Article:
The Merced Organizing Project will join hundreds of other organizations nationwide in the “Two Million Too Many: National Day of Action Against Deportation” movement by hosting an informational picket and march on Saturday.
According to organizers, the movement is the community’s response to the record-high deportation rates. It is estimated that in the next few months, more than 2 million undocumented immigrants across the country will have been deported under the Obama administration.
MOP organizers and supporters will meet at 11:30 a.m. along M and 21st streets for the informational picket. At 1 p.m. the group will march to Sound Life Church, 928 W. Main Street, where the film “Documented” will be screened. The documentary chronicles the life of Jose Antonio Vargas, a Pulitzer Prize-winning journalist, who identifies as an “undocumented Filipino-American.”
Vargas, who was brought to the United States at the age of 12, has not been able to visit his family in the Philippines in about 20 years. That is a conflict that many people in Merced County can identify with, according to MOP community organizer, Crissy Gallardo.
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Gallardo said deportations have taken a toll on local communities and families. She estimates approximately 9,000 families in Merced are living in the shadows.
“Some of our own are living in fear,” Gallardo said. “We want to create consciousness around the community that these people being deported are our neighbors, our friends and our loved ones.”
The “Two Million Too Many” movement adds to the string of marches and rallies held in past years to protest deportations. Gloria Sandoval, president of the California Central Valley Journey for Justice, has been following immigration issues since the early ’80s, and believes that a comprehensive immigration reform is long overdue.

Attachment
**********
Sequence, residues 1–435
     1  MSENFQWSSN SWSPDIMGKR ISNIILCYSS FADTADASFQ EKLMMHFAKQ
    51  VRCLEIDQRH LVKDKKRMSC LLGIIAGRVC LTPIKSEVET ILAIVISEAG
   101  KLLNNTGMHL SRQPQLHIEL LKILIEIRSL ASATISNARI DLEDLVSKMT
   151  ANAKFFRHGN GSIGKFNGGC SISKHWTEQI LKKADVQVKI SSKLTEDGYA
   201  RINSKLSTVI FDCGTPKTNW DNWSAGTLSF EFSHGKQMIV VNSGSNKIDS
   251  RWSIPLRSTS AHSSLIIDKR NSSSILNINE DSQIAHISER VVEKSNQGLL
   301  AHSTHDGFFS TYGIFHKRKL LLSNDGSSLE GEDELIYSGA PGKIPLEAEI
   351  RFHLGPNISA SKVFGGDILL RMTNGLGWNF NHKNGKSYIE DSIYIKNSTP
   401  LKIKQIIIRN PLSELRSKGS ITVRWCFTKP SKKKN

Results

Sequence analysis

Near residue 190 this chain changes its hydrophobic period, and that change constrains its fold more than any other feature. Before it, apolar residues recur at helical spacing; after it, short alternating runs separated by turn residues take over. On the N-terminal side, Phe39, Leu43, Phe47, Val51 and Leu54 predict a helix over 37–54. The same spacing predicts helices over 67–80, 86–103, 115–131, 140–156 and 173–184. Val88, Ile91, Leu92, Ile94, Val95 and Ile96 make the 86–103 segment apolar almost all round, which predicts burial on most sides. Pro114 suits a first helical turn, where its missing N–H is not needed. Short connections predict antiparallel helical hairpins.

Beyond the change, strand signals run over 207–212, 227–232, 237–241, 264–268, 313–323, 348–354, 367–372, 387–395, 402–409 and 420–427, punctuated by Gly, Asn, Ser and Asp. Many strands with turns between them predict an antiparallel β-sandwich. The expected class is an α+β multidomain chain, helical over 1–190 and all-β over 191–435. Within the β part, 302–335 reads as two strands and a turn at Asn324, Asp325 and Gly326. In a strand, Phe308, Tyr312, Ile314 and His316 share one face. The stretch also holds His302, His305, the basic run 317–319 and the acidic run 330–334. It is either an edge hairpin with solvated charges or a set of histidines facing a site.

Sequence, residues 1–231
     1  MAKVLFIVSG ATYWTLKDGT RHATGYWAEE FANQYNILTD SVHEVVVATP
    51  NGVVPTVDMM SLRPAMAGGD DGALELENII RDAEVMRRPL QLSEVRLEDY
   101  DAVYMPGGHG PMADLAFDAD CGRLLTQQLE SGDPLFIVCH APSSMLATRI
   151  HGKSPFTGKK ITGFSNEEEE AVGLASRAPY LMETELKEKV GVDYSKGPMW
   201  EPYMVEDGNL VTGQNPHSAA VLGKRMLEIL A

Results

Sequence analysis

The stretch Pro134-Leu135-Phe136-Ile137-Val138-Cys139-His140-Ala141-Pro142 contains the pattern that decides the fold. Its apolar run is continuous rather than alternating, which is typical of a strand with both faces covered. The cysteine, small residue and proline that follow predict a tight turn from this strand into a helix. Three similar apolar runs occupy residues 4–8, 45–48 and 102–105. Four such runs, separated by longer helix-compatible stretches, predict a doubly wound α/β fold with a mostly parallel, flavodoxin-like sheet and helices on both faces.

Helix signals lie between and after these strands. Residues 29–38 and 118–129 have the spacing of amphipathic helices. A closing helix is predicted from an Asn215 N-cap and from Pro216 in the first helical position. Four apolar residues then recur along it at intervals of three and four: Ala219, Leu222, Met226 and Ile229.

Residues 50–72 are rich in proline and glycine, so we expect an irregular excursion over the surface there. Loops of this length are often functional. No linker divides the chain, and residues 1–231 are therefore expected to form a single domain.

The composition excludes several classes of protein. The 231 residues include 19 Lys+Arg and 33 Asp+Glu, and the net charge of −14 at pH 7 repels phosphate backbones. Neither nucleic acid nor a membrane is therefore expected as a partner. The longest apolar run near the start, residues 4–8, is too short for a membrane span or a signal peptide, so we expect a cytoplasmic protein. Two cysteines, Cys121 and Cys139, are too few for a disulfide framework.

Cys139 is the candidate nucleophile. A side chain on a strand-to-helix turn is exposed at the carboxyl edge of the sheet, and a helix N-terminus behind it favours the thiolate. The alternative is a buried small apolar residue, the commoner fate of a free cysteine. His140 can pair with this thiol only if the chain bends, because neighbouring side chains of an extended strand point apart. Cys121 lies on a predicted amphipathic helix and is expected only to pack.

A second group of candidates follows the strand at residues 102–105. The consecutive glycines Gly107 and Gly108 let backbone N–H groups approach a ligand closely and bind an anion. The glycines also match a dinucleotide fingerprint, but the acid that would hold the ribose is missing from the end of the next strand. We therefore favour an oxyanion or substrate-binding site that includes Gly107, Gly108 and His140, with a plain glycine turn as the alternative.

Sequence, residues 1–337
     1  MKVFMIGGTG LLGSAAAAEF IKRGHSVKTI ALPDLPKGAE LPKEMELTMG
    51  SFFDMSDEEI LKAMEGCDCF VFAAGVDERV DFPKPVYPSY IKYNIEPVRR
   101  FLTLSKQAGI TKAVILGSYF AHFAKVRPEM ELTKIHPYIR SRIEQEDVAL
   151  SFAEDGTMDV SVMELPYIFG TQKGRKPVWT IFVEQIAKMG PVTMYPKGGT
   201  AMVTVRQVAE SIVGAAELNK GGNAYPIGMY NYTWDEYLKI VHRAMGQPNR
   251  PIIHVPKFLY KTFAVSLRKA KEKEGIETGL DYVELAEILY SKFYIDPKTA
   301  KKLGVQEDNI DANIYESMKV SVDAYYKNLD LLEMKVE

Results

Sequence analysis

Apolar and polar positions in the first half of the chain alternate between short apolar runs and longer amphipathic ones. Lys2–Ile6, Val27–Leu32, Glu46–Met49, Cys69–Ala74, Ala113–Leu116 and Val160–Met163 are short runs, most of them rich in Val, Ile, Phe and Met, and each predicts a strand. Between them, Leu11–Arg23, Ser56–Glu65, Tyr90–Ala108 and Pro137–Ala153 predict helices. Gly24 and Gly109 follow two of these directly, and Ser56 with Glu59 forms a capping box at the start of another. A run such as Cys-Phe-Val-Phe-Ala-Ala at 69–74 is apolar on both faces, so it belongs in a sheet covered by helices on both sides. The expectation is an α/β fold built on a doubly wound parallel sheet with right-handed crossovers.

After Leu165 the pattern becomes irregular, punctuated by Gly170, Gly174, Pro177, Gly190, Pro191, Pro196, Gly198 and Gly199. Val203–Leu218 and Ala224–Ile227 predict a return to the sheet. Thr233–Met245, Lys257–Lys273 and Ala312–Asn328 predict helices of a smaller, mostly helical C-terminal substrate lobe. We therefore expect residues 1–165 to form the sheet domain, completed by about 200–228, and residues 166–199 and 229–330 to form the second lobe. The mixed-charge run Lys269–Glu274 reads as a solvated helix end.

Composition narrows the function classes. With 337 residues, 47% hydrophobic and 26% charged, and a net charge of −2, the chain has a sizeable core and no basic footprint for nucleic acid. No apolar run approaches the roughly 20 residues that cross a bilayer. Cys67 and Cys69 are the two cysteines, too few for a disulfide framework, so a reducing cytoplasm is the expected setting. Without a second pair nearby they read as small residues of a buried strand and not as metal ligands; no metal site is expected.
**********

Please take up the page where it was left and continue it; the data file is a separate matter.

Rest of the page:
“Every day that goes by there’s separation of families, and that’s morally wrong,” Sandoval said. “Congress is not making any decisions and we feel that President Obama should use his executive powers to stop dividing our families.”
An open discussion after the film will aim to localize the issue. According to Gallardo, organizers hope to discuss the impact that living in fear has on the health of undocumented individuals and their children.
“Locally, we know of cases where children can’t concentrate in school or become ill because they are constantly worrying about the possibility of their parents being deported,” Gallardo said. “And parents, too – they live scared, fearing that a single traffic violation can result in deportation.”
According to Sandoval, informational events such as the National Day of Action are important to shine light on an issue that affects a large number of people in the community. She hopes the National Day of Action will help speed action in Congress.
“I feel like Republicans and Democrats are throwing the issue back and forth like a football,” Sandoval said. “But these are people’s lives they’re playing with, and that’s not fair.”